Benson J. Lossing, Pictorial Field Book of the Civil War. Volume 2., Chapter 9: events at Nashville, Columbus, New Madrid, Island number10, and Pea Ridge. (search)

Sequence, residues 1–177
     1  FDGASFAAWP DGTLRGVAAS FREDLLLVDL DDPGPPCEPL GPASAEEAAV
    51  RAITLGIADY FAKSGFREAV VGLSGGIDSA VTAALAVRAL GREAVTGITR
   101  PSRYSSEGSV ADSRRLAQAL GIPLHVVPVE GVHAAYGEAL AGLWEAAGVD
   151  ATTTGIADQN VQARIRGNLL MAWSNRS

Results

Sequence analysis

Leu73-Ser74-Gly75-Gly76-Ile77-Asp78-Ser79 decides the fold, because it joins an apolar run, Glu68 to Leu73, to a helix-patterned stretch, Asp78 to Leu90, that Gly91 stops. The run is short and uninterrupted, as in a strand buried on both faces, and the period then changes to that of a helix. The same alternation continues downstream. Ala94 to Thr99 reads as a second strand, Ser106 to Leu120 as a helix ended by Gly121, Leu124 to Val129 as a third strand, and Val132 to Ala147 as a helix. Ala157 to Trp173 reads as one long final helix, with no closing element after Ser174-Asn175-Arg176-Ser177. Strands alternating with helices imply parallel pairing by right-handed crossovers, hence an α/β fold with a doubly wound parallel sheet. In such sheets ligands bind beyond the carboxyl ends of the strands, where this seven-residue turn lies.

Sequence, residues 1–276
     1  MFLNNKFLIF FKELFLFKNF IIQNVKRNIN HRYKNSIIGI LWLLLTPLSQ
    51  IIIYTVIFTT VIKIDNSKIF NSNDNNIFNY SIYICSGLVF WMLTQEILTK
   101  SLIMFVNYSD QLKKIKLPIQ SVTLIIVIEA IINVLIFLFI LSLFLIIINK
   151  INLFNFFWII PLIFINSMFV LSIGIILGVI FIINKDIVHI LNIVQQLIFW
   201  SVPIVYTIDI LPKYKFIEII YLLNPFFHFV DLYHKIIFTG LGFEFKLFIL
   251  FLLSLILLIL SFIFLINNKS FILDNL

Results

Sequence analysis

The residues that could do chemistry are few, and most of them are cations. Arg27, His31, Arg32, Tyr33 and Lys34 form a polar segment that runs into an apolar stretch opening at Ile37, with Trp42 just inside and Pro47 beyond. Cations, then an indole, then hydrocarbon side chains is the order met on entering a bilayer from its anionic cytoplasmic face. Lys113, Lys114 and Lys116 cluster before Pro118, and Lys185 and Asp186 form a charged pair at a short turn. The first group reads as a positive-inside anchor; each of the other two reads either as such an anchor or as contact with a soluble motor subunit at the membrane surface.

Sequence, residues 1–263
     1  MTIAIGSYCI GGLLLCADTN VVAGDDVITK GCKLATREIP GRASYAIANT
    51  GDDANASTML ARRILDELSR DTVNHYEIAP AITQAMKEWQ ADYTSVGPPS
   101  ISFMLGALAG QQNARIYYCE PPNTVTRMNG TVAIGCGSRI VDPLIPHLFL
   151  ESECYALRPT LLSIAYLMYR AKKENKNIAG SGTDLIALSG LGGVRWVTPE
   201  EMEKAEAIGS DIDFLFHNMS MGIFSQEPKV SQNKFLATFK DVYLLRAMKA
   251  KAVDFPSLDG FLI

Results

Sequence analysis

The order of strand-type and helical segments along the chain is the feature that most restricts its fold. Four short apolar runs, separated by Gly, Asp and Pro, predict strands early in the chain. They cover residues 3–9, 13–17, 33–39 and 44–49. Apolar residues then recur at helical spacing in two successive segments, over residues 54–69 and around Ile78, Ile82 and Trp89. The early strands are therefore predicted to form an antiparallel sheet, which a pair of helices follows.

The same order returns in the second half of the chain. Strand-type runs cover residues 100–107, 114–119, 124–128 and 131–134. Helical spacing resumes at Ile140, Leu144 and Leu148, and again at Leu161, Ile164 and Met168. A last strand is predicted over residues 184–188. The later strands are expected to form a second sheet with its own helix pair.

of the Twenty-seventh Illinois were landed to reconnoiter. They were soon clambering up the steep bluffs with shouts of triumph. Troops were in the fortifications, but they were friends. A detachment of the Second Illinois cavalry, under Lieutenant Hogg, two hundred and fifty strong, who had been sent out as scouts from Paducah, had entered the place at five o'clock the day before, and hoisted the Stars and Stripes over the main work of that stronghold. Report of Commodore Foote to the Surned fifty tons of gun-powder without damaging his batteries, and killing only one of his men. The public began to be impatient, but victory was near. While Foote was carrying on this siege, Colonel Buford with the Twenty-seventh Illinois, Colonel Hogg with the Fifteenth Missouri, and Colonel Foster with a battalion of the Twenty-second Missouri, accompanied by a battery of six rifled cannon, under Captain Spatsmon, of the Second Illinois artillery, and 200 of the Second Illinois cavalry, we